Candy’s dog symbolizes age and the loss of purpose. When the dog was no longer contributing to the the ranch or Candy, it was killed by Carlson. Similarly, Candy is reduced to cleaning the bunkhouse because of his disability and old age. Candy was very attached to his dog, like how many are attached to the notion of youth. However, the dog faces an inevitable end, like the fate Candy and others fear they will
Candy is an old man who is confined by his age and cannot do any real work. He cannot leave the farm because he does not have enough money to survive on his own. Steinbeck described Candy by writing, “Old Candy, the swamper, came in and went to his bunk, and behind him struggled his old dog,” (Page 43). The only thing that kept Candy company was his dog. His dog was too old to be any use, just like Candy himself, so he was shot by Carlson.
When people are not helpful or useful to a cause due to a disability like age, they are forced to move on and leave that place. But what if that place is society? In John Steinbeck’s Of Mice and Men, an old character named Candy is faced with the same problem. This event takes place during the Great Depression when people worked as migrant workers. Candy was also a migrant worker but due to old age, he now works as a cleaner.
Candy lost his right hand in a ranch accident, which is why the owners “give me a job swampin’” as he says (Steinbeck 59). He believes he will that he will be “can[ned] purty soon,” so he wants to go with George and Lennie (Steinbeck 60). When Carlson wants to shoot Candy’s dog, Candy does not want him to. He says “No, I couldn’... I had ‘im too long” and “I had him from a pup” (Steinbeck 45).
Of Mice and Men, by John Steinbeck, is a story about discrimination due to someone being different in any way. The reader learns how people were treated and discriminated in 1930s during the great depression. This is important because this issue continues even to this day. This problem has been around for a very long time. Steinbeck uses Archetypes,Symbolism, and Setting to convey the theme of discrimination.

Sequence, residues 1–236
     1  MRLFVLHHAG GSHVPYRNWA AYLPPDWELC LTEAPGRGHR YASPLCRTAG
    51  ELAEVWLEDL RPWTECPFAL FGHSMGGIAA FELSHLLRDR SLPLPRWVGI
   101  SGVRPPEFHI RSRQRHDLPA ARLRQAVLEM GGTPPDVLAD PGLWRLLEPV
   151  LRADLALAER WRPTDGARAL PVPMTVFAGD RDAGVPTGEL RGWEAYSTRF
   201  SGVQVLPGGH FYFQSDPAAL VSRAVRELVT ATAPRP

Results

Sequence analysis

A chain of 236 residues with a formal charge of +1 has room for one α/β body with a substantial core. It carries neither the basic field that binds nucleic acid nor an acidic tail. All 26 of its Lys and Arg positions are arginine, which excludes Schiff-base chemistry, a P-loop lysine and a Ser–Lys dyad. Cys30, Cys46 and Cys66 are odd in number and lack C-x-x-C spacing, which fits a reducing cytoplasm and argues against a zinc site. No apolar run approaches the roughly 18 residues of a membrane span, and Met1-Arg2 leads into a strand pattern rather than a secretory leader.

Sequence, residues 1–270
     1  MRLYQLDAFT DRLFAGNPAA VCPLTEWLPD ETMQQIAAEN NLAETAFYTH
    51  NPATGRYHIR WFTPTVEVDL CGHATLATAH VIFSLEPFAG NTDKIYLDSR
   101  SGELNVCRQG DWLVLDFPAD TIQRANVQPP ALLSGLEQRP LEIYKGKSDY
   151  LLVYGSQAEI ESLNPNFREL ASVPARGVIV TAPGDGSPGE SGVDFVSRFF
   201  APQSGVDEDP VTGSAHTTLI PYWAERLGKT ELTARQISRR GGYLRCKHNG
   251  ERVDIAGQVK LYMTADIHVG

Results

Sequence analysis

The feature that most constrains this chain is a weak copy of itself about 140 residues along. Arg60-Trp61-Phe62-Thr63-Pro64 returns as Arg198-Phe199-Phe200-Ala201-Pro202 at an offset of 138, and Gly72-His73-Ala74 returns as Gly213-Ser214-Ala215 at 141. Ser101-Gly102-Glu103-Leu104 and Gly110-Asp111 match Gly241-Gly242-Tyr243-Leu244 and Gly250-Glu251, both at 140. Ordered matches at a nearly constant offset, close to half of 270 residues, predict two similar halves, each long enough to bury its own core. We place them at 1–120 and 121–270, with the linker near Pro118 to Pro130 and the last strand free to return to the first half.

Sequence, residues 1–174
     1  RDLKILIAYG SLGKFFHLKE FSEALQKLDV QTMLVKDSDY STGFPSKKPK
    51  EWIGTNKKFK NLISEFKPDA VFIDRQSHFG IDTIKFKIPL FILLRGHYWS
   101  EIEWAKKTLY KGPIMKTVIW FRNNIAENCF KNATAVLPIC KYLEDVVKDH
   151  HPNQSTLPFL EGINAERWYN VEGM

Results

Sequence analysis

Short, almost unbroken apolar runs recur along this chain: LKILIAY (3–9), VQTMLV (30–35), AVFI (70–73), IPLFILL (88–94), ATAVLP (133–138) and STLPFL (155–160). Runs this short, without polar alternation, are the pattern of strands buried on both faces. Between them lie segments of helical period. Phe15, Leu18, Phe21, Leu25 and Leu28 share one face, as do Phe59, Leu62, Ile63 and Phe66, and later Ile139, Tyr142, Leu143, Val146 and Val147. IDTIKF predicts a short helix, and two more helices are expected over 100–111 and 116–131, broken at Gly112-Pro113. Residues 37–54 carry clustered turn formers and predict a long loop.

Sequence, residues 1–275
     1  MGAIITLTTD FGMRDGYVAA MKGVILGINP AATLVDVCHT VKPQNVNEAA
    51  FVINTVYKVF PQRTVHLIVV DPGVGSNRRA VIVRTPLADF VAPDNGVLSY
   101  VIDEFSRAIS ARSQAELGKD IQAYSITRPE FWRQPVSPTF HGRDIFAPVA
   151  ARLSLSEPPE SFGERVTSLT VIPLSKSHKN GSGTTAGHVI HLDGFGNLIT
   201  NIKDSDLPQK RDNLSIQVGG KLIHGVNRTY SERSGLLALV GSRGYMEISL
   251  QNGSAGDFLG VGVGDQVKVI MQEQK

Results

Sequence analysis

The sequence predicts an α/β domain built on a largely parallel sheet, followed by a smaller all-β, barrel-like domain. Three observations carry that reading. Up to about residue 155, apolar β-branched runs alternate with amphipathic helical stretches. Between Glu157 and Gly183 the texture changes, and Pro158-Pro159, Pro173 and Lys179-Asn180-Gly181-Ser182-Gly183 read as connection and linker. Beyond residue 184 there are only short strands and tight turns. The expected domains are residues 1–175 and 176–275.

Another form of discrimination Steinbeck portrays is ageism. Ageism is defined as “...stereotyping and discriminating against individuals or groups on the basis of their age.” (“Ageism”). The main victim of ageism in Of Mice and Men is Candy, the Skinner, who is an elderly man who hurt is hand in an accident and is not fit for most jobs on the ranch. Ageism can affect the youth and the elderly, and anyone in between, but during the Great Depression, it mostly affected the elderly.
Steinbeck states in the novel, “You seen what they done to my dog tonight?”(60). An example of Candy telling George and Lennie his problems. Candy still feels upset over his dog death by Carlson. But by using that excuse he got George to agree with him, to let him live in the ranch once they earn enough money. With Candy’s help with George and Lennie’s dream, it is easier and now faster for the three of them to get their ranch.
As candy wanted his companion to be with him at the end, as did george for lennie. Candy represents the old person who isn´t needed anymore, which is an inevitable outcome. As someday , you will grow incompetent of fulfilling demands, or needs, and will be let go. I determined this through his actions, quotes, symbolism, and foreshadowing. Candy is one of the most important characters to understand, as he is representative of